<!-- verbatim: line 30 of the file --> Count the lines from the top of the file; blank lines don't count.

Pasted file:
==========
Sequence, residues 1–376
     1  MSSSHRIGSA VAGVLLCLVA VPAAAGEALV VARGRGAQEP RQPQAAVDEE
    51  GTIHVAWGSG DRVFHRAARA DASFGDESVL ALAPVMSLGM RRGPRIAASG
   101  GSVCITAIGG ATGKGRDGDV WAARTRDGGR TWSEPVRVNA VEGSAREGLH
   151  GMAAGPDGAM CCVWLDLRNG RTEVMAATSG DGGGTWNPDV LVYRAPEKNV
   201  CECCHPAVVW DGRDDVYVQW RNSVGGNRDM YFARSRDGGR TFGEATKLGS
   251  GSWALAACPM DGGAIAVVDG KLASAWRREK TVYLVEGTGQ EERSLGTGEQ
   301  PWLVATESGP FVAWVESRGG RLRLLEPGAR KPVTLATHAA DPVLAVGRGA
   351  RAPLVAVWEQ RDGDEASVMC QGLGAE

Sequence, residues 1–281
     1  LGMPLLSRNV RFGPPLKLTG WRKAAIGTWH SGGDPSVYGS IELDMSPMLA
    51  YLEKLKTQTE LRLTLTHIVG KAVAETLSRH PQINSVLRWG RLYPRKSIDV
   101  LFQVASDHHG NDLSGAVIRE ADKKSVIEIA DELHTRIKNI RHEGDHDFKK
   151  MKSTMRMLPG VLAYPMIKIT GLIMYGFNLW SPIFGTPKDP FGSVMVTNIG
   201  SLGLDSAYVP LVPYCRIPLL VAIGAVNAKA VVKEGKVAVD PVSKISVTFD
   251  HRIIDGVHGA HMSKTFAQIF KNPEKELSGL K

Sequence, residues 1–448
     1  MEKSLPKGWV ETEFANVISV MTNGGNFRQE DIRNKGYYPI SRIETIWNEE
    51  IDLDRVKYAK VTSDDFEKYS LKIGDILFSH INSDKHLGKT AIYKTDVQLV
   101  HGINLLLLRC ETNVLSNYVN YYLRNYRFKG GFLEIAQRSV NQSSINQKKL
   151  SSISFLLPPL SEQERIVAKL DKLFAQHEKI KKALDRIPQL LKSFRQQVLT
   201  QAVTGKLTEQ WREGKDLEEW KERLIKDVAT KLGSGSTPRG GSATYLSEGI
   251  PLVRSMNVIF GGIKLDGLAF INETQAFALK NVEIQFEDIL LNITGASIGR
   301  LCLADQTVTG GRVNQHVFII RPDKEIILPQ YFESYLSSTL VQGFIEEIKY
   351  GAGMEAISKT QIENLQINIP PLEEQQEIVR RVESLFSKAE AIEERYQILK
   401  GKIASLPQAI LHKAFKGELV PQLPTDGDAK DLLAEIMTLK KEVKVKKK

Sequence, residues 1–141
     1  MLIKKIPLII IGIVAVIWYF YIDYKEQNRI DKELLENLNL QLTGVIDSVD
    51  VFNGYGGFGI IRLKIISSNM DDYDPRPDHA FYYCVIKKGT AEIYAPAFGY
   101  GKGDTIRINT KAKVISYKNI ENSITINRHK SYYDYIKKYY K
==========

   101  GKGDTIRINT KAKVISYKNI ENSITINRHK SYYDYIKKYY K